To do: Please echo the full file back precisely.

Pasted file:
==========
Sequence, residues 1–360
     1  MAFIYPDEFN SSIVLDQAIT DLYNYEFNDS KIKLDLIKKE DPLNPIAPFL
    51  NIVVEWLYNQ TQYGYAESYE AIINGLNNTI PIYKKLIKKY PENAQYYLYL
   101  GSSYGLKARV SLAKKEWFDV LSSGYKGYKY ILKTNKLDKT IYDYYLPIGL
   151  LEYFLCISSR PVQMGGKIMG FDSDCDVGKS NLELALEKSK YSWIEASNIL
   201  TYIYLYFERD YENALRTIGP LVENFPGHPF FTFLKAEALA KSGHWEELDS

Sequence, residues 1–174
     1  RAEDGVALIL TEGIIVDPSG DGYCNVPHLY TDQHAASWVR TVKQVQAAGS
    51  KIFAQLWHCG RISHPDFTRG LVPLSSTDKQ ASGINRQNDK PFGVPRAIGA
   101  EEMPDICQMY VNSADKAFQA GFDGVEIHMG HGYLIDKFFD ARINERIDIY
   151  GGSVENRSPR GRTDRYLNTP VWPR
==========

Sequence, residues 1–360
     1  MAFIYPDEFN SSIVLDQAIT DLYNYEFNDS KIKLDLIKKE DPLNPIAPFL
    51  NIVVEWLYNQ TQYGYAESYE AIINGLNNTI PIYKKLIKKY PENAQYYLYL
   101  GSSYGLKARV SLAKKEWFDV LSSGYKGYKY ILKTNKLDKT IYDYYLPIGL
   151  LEYFLCISSR PVQMGGKIMG FDSDCDVGKS NLELALEKSK YSWIEASNIL
   201  TYIYLYFERD YENALRTIGP LVENFPGHPF FTFLKAEALA KSGHWEELDS

Sequence, residues 1–174
     1  RAEDGVALIL TEGIIVDPSG DGYCNVPHLY TDQHAASWVR TVKQVQAAGS
    51  KIFAQLWHCG RISHPDFTRG LVPLSSTDKQ ASGINRQNDK PFGVPRAIGA
   101  EEMPDICQMY VNSADKAFQA GFDGVEIHMG HGYLIDKFFD ARINERIDIY
   151  GGSVENRSPR GRTDRYLNTP VWPR